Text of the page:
There is no such thing as free stuff in reality - someone has to create the product and pay the cost of producing it. The trick is that sometimes the cost of the stuff is transferred to another person or paid for using some alternate method that is not obvious. How can you pay for free stuff? With time, stress and restrictions as opposed to what you would normally do.
Are you wasting time jumping through hoops to collect the free stuff? The saying "time is money" applies to anyone, not just business people because time is something you cannot have back once it has been lost or "used up". The way to know how much your time costs is by comparing it to money. If I spend an hour a month working to obtain "free stuff" and I could be doing something that pays me $20 per hour, then I am paying $20 per month. There are instances where you may save time, but are not necessarily getting paid for it. What else would you rather be doing instead of chasing free stuff? Maybe you are learning something new, researching a deal that could save you money somewhere else, you can do tasks that you may be paying someone else to do, or change a habit that may save you money. This concept is very individual, and you would have to see where your time goes to understand where the trade-offs are. I often ask people: "Where Does Your Money Go?" There is a corresponding question which in many ways is more important: Where Does Your Time Go?" Given all of the complaining about not having enough time, this question should be examined more closely.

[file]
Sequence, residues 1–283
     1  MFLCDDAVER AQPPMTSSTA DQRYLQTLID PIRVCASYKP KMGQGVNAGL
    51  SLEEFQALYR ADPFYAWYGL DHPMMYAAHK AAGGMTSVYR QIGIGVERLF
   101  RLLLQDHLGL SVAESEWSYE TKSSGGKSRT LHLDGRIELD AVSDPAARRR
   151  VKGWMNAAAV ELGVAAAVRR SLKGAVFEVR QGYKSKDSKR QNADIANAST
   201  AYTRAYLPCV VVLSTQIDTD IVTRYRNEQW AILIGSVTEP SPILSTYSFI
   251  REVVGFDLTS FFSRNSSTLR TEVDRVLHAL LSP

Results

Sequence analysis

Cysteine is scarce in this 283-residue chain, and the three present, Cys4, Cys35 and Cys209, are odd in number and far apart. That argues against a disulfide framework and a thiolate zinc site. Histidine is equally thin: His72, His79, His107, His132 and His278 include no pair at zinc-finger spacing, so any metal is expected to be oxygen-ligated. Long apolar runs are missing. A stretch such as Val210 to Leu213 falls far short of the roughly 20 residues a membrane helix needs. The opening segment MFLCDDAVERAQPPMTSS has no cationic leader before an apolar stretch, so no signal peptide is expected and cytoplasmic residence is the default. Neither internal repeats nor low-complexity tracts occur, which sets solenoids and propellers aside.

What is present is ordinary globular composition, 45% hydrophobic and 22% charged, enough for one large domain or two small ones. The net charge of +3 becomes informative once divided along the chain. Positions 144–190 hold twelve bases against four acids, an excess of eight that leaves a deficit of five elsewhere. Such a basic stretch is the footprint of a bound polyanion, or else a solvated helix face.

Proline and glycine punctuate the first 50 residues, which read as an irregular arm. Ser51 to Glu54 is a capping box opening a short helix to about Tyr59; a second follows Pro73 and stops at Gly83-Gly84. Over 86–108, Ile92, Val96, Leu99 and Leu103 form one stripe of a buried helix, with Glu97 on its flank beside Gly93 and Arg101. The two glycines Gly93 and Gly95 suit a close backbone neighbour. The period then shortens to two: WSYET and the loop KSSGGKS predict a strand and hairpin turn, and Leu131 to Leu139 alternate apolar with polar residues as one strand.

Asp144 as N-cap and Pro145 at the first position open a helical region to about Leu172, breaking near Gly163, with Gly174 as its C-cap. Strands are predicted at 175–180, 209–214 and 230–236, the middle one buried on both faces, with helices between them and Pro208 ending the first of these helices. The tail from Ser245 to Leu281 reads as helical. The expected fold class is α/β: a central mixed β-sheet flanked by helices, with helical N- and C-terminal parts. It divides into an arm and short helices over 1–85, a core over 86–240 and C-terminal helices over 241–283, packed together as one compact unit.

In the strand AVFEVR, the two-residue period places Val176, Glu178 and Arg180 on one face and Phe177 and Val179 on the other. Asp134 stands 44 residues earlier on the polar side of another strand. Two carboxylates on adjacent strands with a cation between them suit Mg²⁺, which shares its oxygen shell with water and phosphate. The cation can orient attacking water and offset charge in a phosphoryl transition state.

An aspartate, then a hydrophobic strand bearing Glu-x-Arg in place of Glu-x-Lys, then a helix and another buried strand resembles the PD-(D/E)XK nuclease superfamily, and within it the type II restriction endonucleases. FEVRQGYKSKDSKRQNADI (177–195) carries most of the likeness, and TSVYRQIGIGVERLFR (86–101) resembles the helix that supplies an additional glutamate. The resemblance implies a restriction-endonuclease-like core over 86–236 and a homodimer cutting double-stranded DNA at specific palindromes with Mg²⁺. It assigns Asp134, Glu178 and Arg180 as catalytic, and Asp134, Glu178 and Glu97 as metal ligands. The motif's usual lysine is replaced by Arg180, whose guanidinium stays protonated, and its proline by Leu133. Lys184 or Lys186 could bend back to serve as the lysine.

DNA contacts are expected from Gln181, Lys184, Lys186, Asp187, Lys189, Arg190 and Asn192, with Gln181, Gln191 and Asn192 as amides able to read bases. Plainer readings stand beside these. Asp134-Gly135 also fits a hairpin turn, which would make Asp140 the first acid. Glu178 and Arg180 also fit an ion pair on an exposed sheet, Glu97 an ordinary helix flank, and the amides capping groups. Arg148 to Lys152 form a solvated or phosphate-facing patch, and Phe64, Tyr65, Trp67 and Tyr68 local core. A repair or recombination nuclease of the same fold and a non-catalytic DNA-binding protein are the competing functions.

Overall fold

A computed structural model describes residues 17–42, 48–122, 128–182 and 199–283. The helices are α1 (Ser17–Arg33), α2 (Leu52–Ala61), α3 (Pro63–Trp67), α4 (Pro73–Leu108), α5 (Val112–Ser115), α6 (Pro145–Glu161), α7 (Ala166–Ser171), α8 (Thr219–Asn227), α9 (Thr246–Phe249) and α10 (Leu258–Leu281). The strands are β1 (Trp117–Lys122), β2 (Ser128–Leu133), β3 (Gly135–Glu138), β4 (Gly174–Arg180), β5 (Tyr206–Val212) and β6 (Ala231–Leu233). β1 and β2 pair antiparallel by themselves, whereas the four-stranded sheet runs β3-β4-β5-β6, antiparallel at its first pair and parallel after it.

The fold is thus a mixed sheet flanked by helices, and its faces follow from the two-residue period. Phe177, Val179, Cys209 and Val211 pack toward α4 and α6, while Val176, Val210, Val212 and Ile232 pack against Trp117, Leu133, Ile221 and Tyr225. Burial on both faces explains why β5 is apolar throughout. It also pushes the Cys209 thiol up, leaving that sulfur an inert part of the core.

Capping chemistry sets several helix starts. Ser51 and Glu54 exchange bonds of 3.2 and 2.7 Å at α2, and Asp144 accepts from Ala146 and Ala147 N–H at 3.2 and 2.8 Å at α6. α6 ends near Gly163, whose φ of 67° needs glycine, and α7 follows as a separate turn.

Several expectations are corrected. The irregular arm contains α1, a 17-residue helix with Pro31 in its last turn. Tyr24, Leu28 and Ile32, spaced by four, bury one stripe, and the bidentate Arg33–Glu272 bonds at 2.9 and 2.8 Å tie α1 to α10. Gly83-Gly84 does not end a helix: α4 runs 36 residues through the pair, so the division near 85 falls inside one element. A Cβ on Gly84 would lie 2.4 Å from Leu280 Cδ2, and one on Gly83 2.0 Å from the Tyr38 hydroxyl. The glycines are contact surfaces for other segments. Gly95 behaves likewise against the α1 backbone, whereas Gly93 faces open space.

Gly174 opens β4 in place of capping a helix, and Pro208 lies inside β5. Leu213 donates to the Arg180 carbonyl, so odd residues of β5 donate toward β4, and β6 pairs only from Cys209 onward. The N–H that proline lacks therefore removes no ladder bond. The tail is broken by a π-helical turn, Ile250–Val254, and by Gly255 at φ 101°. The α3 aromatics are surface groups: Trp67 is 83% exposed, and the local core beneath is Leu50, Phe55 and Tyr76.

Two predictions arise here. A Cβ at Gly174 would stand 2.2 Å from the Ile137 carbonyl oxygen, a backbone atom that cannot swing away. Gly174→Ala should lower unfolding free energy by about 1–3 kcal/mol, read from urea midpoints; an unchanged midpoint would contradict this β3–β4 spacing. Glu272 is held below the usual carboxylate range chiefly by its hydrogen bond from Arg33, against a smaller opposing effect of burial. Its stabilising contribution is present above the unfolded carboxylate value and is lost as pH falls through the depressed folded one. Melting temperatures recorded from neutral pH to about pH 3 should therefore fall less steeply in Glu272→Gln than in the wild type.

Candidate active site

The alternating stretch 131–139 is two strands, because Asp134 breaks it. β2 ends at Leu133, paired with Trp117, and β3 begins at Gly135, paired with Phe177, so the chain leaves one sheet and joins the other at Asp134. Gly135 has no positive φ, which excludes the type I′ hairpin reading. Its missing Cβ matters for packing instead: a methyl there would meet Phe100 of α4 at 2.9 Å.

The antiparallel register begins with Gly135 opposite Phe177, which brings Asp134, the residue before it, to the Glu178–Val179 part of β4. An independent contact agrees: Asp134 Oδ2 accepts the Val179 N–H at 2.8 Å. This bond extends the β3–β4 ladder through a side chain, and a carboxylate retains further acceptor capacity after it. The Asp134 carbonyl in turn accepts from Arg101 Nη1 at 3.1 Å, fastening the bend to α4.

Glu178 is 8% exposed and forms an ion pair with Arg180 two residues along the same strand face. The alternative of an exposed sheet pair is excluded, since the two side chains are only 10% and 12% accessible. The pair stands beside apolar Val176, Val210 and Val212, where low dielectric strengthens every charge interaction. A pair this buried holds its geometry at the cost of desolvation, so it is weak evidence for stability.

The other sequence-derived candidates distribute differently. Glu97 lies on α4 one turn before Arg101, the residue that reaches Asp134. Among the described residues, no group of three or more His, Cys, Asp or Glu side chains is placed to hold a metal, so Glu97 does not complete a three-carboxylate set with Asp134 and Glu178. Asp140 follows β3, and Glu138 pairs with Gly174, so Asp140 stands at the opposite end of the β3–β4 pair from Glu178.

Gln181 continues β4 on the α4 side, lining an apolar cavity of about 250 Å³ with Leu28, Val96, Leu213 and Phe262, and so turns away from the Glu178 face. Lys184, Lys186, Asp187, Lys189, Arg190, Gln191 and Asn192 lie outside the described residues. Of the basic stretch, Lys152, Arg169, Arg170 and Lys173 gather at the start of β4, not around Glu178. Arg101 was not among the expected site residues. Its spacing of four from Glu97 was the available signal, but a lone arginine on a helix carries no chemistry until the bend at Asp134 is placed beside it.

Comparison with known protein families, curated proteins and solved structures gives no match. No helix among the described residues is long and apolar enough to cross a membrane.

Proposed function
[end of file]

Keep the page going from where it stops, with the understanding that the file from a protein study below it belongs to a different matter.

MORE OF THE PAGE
Many sources of free stuff will present themselves only if you provide personal information. What is wrong with this? You could argue that it does not matter to you since all of my information is out there anyway and I have nothing to hide. Whether this is true or not still leaves you vulnerable to the filling out of endless forms or sifting through telephone calls and emails which you are likely not interested in engaging in. Your information may be "shared" or sold to other vendors whom you did not deal with directly and which will add to the annoyance and time wasting. In the age of computer hacks and identity theft, the more places personal information is available, the more likely this will happen to you. Aside from the stress and time spent in cancelling credit cards, updating anti-virus software and chasing down money taken from your accounts, there is also a greater chance of fraud and theft which is a great disturbance to your life. The effects of that may linger on for years after the occurrence. The best security measure you can take is not to put information into a technology platform in the first place.
Restrictions on Shopping
The old adage of saving money on buying products is to "shop around" for the best offer. If you have ever done this, you will know there are sometimes wide divergences in the prices of goods either from different locations or different times of the year. One of my most valuable ways of saving money is to shop when / where other people do not. If you are collecting points, are you still going to do the comparison to get the best deal in spite of the points not being collected? From the people I have seen, I think the answer is no. It is not likely that one store or web site will always have the best deals. Even the known cheaper stores may have expensive products.